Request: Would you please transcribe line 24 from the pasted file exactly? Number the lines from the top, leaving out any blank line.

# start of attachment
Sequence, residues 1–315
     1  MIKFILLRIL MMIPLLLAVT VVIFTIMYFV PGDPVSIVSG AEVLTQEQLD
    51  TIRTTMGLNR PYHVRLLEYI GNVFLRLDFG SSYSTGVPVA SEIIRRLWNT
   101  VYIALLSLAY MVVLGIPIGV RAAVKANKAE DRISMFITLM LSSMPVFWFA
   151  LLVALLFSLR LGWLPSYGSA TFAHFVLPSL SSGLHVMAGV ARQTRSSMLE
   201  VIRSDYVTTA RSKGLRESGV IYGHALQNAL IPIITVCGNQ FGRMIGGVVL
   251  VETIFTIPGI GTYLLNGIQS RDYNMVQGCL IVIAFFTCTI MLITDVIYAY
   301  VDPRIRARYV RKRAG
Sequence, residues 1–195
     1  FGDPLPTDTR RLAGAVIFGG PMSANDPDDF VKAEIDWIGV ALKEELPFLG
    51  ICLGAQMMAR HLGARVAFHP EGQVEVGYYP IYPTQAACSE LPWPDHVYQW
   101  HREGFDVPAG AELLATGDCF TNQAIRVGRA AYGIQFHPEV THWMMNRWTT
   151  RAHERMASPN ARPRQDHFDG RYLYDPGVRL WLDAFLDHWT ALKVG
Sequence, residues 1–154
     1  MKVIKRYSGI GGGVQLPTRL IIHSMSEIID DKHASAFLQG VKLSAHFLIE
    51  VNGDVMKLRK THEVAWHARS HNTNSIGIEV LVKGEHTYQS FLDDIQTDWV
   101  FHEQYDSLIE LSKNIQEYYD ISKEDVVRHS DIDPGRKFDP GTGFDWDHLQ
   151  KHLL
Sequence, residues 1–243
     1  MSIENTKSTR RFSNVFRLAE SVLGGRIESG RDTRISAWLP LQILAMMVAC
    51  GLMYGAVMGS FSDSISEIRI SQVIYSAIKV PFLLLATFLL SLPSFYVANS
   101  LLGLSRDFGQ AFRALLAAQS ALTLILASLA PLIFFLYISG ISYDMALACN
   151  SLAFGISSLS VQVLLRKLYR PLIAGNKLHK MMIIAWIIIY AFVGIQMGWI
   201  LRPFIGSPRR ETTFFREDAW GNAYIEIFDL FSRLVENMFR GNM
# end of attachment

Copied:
   201  LRPFIGSPRR ETTFFREDAW GNAYIEIFDL FSRLVENMFR GNM